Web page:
Micom Systems works hard to help computers to communicate. But when it came to talking last week about a prospective takeover bid, the company was mum.
Thursday, the Simi Valley company, which makes equipment that helps computers electronically talk to one another, released a cryptic announcement saying it had spurned an unsolicited takeover bid from a company it refused to name.
Micom executives emphasized that it was a friendly offer, adding that two weeks of discussions ended for good Tuesday. Analysts, investors and industry executives were trying to guess who might be the suitor.
The bid, although apparently moot now, shows what has been obvious to analysts and company executives for more than a year: Micom's lagging stock price makes it an attractive buy.
Micom's stock closed at $11.75 a share on Friday. By contrast, it was selling at nearly $50 a share three years ago.
The recent price is only 20% above its $9.80-a-share book value, or net worth. What's more, Micom is sitting on $31 million in cash and short-term investments and has another $29 million salted away in long-term investments.
Like many high-technology companies, Micom was hurt by the severe industry slump in 1985 and 1986. In particular, it suffered from severe industrywide price-cutting and a problem-plagued acquisition of Interlan, a New Hampshire company that makes high-speed communications equipment containing cables that can link computers and terminals in distant parts of a building.
Although Micom's sales of $196.7 million in the fiscal year ended March 31 were the highest in its 14-year history and its earnings rose 13% to $12.2 million, the company still lags behind its performance in 1984 and 1985. Micom in those years earned $20.9 million and $25.7 million, respectively.
Raymond V. Thomas, Micom's chief financial officer, attributes the earnings recovery largely to cost-cutting and said the market for the company's products remains soft.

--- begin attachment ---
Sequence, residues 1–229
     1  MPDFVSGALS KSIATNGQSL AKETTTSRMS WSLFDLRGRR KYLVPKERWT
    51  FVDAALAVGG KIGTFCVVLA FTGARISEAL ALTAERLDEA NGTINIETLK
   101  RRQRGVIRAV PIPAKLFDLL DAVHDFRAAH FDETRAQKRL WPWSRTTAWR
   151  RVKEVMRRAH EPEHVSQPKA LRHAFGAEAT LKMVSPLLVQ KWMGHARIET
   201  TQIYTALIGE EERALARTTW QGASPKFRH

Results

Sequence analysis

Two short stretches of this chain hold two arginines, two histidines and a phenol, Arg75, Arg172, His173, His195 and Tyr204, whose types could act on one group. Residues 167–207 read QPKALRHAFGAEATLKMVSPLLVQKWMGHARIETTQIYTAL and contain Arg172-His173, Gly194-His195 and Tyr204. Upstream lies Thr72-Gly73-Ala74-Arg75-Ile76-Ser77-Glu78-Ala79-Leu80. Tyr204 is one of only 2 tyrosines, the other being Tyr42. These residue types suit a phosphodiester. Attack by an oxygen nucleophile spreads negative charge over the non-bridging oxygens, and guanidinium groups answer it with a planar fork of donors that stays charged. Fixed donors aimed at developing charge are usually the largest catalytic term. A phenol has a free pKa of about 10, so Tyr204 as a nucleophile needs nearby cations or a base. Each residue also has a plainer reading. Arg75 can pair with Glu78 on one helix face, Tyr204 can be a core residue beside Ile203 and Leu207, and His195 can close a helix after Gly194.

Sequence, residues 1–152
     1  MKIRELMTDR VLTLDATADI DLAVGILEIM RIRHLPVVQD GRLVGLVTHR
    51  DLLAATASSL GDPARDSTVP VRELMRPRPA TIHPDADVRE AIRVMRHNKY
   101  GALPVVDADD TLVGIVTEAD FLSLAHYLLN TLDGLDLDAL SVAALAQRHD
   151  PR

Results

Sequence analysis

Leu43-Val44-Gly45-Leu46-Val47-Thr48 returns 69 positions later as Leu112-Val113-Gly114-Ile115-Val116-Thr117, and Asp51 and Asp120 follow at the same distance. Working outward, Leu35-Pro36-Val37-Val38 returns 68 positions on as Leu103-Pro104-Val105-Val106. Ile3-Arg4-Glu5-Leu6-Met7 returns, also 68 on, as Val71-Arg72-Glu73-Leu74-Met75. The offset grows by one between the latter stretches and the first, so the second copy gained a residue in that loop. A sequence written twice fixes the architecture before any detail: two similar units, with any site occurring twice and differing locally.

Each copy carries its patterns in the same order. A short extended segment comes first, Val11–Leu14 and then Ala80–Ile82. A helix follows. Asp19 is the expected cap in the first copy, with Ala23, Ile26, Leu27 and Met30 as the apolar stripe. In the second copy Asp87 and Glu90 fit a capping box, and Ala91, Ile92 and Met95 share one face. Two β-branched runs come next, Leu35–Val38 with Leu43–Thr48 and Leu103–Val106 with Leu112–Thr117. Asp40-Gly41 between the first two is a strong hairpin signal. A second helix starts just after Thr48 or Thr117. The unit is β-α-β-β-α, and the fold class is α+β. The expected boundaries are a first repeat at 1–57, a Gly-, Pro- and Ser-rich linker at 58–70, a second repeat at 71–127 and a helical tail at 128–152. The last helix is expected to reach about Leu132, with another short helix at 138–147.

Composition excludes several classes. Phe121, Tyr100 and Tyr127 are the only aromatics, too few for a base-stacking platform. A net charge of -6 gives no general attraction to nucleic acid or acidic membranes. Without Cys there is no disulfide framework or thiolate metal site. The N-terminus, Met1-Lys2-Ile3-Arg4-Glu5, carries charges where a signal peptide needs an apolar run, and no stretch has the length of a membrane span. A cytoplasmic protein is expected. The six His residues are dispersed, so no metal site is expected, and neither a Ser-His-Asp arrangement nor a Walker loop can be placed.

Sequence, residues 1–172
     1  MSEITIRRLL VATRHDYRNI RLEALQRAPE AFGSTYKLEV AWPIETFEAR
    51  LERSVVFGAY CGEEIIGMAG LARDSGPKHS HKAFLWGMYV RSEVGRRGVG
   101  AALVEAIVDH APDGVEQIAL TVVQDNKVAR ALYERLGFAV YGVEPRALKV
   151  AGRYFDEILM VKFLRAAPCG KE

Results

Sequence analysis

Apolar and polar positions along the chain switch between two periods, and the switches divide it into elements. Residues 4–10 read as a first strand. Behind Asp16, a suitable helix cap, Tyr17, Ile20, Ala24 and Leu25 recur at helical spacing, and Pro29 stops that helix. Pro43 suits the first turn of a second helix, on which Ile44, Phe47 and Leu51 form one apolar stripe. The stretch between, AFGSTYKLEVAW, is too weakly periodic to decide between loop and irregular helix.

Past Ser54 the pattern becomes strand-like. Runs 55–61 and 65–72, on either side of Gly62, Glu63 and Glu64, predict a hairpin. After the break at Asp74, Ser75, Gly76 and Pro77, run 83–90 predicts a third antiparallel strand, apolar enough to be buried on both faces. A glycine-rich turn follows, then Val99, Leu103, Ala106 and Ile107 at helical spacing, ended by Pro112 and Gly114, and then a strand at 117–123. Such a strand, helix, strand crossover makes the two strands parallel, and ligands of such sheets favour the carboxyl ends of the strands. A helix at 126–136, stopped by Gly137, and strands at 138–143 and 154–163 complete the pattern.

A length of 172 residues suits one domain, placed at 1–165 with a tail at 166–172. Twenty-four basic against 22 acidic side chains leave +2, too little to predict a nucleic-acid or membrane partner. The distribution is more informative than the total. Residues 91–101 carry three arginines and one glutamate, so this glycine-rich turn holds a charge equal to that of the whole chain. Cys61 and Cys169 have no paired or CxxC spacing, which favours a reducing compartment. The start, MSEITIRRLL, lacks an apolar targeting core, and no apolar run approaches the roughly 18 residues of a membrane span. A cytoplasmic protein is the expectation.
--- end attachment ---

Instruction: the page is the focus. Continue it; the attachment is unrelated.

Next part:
Michael Murphy, editor of the California Technology Stock Letter in San Francisco, believes Micom remains a good takeover candidate. He notes that the stock market values Micom's 17.6 million shares at a total of $207 million, just barely above its annual sales.
Fred Litwin, who follows the company for L.F. Rothschild in New York, estimates that Micom would fetch at least a 10% premium on its market value now, or about $225 million. He said that despite the depressed stock price, a buyer of Micom would have to be a large company to afford to pay that much.
A hostile takeover might be difficult. Officers and directors own about 30% of the stock now.
And Micom's shareholders last year approved an anti-takeover measure making it difficult to buy the company through a hostile, two-step bid. Such acquisitions, in which a suitor buys enough shares for control at one price and pays a lower amount for remaining shares, must be approved by 80% of the company's shareholders.
Last month, Micom's shareholders approved the company's reincorporation in Delaware. The company said this was primarily to take advantage of a 1-year-old law protecting directors of companies incorporated there from lawsuits.
But Micom's proxy statement also notes that Delaware has stricter anti-takeover laws. One such law, for example, restricts the ability of dissident shareholders to call special shareholders' meetings; another makes it harder for them to elect directors.